Mathematics

Mathematics is a universal language, a mosaic of numbers, shapes, and concepts that define the world around us.

For millennia, it has evolved as a fundamental tool for understanding the universe, from its most basic laws to the most complex. Every equation tells a story, every theorem unveils a mystery. The allure of mathematics lies in its ability to show order in chaos, to offer solutions to seemingly insoluble problems, and to reveal the hidden beauty behind everyday phenomena. It is both art and science, a bridge between the tangible and the abstract, and for many, it represents an endless journey in search of ever-new truths.

Writing ‘1’ a Thousand Times

Have you ever thought about what happens if you write the number ‘1’ a thousand times in a row? It turns out, you get a very special kind of number. Let’s talk about it!

The Unending Layers of 73939173

The unique property of 73939173 is its ability to remain prime even as we strip away its digits, one by one, from the right. Let’s explore this phenomenon.

A Prime of Repetition: 4567890123…4567

Imagine taking the number sequence “4567890123” and writing it down nineteen times in a row. Once you’ve done that, you append the number “4567” to the end. This seemingly arbitrary activity results in a number that spans a whopping 197 digits. But, the real magic of this number isn’t just its length or formation – it’s the fact that it’s prime!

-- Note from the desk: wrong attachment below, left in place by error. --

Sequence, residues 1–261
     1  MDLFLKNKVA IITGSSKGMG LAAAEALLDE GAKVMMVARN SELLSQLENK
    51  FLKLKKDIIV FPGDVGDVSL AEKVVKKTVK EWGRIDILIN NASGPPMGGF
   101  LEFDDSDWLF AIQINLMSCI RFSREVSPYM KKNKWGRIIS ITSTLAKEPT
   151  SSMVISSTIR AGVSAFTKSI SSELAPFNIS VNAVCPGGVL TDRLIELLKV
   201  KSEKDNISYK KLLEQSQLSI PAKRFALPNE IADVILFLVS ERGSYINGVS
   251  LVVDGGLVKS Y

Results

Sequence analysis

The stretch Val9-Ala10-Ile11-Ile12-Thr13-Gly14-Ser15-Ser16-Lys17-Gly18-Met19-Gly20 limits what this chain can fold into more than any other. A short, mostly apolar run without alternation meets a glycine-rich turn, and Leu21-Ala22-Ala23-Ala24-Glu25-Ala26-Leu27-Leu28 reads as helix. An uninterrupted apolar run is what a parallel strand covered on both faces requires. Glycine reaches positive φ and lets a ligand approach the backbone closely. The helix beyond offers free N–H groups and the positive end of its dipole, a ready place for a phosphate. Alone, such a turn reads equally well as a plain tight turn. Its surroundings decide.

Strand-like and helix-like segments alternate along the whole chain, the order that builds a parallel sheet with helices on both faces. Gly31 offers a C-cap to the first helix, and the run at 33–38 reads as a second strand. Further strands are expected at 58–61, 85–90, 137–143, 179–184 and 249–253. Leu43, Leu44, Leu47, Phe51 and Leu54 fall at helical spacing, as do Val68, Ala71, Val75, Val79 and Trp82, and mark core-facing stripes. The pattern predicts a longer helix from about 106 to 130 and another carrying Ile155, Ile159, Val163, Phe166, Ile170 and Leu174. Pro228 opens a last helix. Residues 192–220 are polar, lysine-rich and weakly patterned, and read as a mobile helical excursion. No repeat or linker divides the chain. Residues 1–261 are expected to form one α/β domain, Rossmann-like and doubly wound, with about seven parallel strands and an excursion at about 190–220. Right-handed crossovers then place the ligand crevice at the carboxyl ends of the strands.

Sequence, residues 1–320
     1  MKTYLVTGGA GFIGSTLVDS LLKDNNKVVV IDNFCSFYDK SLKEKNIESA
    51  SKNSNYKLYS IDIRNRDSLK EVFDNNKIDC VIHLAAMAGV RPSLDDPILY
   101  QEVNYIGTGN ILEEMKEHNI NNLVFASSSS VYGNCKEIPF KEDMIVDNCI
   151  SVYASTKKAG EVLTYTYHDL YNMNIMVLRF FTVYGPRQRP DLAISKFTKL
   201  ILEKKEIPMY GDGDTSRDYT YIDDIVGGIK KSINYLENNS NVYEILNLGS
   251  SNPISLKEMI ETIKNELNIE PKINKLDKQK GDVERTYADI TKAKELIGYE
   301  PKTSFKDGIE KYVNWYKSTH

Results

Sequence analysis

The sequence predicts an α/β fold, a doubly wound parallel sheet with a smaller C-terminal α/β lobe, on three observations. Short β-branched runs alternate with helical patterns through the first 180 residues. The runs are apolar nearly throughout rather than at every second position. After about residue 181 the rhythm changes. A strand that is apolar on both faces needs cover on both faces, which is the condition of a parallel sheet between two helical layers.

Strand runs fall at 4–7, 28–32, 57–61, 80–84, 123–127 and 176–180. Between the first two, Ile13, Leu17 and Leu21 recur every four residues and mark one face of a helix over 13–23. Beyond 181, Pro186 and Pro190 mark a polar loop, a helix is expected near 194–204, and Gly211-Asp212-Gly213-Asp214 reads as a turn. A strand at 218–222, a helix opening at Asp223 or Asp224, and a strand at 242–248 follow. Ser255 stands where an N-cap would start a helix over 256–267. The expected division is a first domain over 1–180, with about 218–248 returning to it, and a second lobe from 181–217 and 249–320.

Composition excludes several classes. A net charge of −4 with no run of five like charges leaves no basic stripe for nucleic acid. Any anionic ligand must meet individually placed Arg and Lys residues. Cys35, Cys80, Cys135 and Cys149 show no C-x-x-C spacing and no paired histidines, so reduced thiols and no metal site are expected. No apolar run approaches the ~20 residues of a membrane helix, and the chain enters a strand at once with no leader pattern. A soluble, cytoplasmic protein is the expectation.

Belphegor’s Prime

Belphegor’s Prime is 1000000000000066600000000000001. At first glance, this might just seem like a long number, but it holds an intriguing secret. Found by Harvey Dubner, this prime number has an uncanny design.

Euler’s Number “e”: A Mathematical Marvel

The origins of this fascinating number trace back to 1683 when the Swiss mathematician Jacob Bernoulli stumbled upon it. While Bernoulli wasn’t specifically searching for a new mathematical constant, he inadvertently discovered the first approximation of e during his studies on continuous compound interest. This makes the story of e particularly intriguing; it wasn’t the product of abstract mathematical thought, but rather a result of tangible financial studies.

The Millennium Prize Problems: Where We Are Now

In 2000, the Clay Mathematics Institute listed seven big math problems and offered a million dollars for each solution. These are called the Millennium Prize Problems. 23 years have passed, and we’re checking in to see how far we’ve come.